Arrow Review: Suffer Then Die, Brother

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When watching Arrow Season 2 Episode 15, it became pretty clear that there wasn't much new material here, but instead the hour was a gift to viewers.

Everything we've guessed and postulated for well into Arrow Season 2 was playing out before us. In a television landscape where writers seem to enjoy pulling cheap, fast thrills on their viewers, it was nice that we treated honorably.

Not everything has to be a bait and switch to keep people interested and recognizing that their viewing audience is intelligent says a lot about the people behind Arrow. I'll say it for all of us -- thank you!

This review might not be my most linear, as the installment seems suited to reaction, a bit like Oliver when he finally picked his jaw up off the carpet in the Queen living room. There haven't been many times when the former playboy has been speechless, but seeing Slade standing before him required of Stephen Amell one of his most difficult performances because it was all said without words.

The island scenes tied in very well with Slade's declarations of friendship and brotherhood and the reminder years later that he hadn't forgotten the devastating day he learned he had been betrayed. 

Yet as all of that emotion was bubbling something else came to mind -- Oliver sure gets himself into a lot of inappropriate love triangles. Slade's anger over Shado's death, while heartfelt, seems as inappropriate as what has happened between Oliver, Sara and Laurel. Oliver and Shado were clearly in a "thing" before Sara came back and muddied the waters. 

Slade loved Shado, but she loved him as a friend. Could they have been more if she had lived? Perhaps, but they never had the opportunity to find out. To be so devastated over a love that never was -- is that the Mirakuru or was Slade always so volatile? 

Regardless, he did make the promise to Oliver for him to suffer as he did. We here at TV Fanatic on various Arrow round tables have tried to imagine who Slade will choose to stand in for Sara and Shado in this new act. That's the biggest question in the game Slade's playing right now.

You cannot die until you have suffered the same way that I have suffered, until you have known complete despair -- and you will. I promise.


Since Slade rigged the house with what had to be the most conspicuous cameras ever to be placed in a highly guarded mansion to keep an eye on Oliver's loved ones, does that mean he's going to make him choose between Moira and Thea? That's not the same kind of choice, so it makes the least sense.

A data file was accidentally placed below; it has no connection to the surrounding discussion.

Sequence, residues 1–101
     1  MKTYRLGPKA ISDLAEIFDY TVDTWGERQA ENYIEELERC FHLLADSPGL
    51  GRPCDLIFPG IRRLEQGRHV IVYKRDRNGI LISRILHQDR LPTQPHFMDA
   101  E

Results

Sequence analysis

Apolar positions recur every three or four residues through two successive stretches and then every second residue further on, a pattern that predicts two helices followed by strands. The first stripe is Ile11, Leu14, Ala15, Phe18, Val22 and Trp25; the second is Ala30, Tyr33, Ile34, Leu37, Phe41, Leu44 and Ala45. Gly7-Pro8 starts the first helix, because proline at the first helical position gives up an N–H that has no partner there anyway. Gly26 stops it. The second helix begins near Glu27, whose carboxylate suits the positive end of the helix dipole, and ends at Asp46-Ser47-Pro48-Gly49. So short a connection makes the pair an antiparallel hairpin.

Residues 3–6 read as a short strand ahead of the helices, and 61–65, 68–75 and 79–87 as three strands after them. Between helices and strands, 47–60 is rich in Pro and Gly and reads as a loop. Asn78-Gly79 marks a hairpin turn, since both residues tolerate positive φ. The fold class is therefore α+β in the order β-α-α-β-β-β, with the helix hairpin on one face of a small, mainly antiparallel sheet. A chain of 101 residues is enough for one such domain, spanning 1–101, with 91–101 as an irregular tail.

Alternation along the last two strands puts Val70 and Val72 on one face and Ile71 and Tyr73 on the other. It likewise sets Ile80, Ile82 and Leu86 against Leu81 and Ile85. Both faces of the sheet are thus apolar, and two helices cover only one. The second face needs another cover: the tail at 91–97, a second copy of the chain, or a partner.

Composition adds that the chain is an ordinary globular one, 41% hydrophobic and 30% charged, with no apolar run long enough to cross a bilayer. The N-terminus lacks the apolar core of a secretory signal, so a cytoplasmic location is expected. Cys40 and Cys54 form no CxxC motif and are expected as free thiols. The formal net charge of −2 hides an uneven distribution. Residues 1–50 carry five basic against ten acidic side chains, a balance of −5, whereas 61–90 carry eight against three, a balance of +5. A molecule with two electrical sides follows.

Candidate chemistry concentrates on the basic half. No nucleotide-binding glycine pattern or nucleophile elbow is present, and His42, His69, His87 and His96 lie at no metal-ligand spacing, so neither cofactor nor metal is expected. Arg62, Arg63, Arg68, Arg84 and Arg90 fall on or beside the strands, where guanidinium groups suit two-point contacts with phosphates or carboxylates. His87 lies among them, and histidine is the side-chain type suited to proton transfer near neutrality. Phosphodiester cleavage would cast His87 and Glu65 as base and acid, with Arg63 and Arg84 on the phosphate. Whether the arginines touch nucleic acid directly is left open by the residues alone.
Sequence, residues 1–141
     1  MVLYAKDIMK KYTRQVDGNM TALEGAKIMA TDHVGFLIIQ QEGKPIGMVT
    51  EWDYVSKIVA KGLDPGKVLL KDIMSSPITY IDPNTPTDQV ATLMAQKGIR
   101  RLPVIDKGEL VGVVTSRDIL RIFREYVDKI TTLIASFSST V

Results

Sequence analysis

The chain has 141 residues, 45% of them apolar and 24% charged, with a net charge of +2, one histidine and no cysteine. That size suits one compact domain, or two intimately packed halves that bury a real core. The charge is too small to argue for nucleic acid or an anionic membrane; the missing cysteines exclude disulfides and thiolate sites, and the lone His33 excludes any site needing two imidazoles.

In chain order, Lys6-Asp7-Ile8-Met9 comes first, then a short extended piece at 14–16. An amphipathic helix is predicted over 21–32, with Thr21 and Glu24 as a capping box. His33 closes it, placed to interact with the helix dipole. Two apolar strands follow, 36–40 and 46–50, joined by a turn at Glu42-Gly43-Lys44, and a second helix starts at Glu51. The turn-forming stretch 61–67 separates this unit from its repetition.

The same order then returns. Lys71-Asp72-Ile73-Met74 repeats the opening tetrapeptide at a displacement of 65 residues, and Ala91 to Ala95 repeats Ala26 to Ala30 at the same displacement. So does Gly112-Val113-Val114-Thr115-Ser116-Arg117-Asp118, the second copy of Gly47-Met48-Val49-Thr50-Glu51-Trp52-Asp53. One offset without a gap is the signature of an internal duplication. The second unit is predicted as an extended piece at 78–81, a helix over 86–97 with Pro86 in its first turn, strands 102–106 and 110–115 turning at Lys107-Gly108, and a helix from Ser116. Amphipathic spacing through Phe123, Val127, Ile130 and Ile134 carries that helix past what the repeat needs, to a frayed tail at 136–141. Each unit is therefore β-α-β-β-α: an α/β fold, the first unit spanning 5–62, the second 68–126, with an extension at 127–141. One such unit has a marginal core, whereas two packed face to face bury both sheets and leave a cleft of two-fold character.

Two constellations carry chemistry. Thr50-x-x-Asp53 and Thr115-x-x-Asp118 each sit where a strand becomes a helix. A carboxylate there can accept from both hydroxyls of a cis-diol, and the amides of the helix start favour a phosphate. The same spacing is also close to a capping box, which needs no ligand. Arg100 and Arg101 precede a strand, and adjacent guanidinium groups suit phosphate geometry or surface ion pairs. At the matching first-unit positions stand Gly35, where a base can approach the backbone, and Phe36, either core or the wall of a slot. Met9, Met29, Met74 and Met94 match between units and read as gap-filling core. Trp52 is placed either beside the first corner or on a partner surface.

Familial love and romantic love produces different types of suffering and if Slade intends to make Oliver suffer then he has a different group of people to choose from.

Slade and Roy had their first Mirakuru-induced handshake, putting Roy on Slade's radar if he wasn't already. At the very least Slade knows that Oliver has one super soldier on his side. Slade did know Sara was alive thanks to the news coverage, but it was still a good face-to-face reunion.

Did anyone else catch Roy dodging Sara's question about trust? She asked if she could trust him and he said he'd be fine. Hey Roy -- answer the question! That made my spidey senses tingle just a bit.

On the freighter I was listening to Ivo ask about the woman who was going downhill quickly and then his phone call to his wife, Jessica. Of course, this made me wonder who in the heck he's married to and why he chose to name the freighter Amazo. Maybe the N fell off? I realize this is a stretch, but I like to theorize!

What condition does his wife suffer? Wonder Woman came from a group of Amazonian women but outside a rare reference here and there, there are no good Jessica candidates I can find to fit into the Arrow world. It still seemed important. Anybody come to mind? I doubt it's dementia or crazy leading her to be Felicity's mom. Right? 

There weren't a lot of new revelations or surprises, but the movie that played out before us was still well worth the hour spent watching it. If you want to see it again or any other installments before Arrow returns on March 19, watch Arrow online to satisfy your desires!

Did "The Promise" live up to your expectations?

Here is your first look at Arrow Season 2 Episode 16:

The Promise Review

Editor Rating: 4.0 / 5.0
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Rating: 4.5 / 5.0 (79 Votes)

Carissa Pavlica is the managing editor and a staff writer and critic for TV Fanatic. She's a member of the Critic's Choice Association, enjoys mentoring writers, cats, and passionately discussing the nuances of television and film. Follow her on Twitter and email her here at TV Fanatic.

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Arrow Season 2 Episode 15 Quotes

Moira: What should we drink to?
Slade: To friendship.

Slade: You and I have something in common.
Moira: What's that?
Slade: I know how difficult it is to pick yourself up when other people have written you off.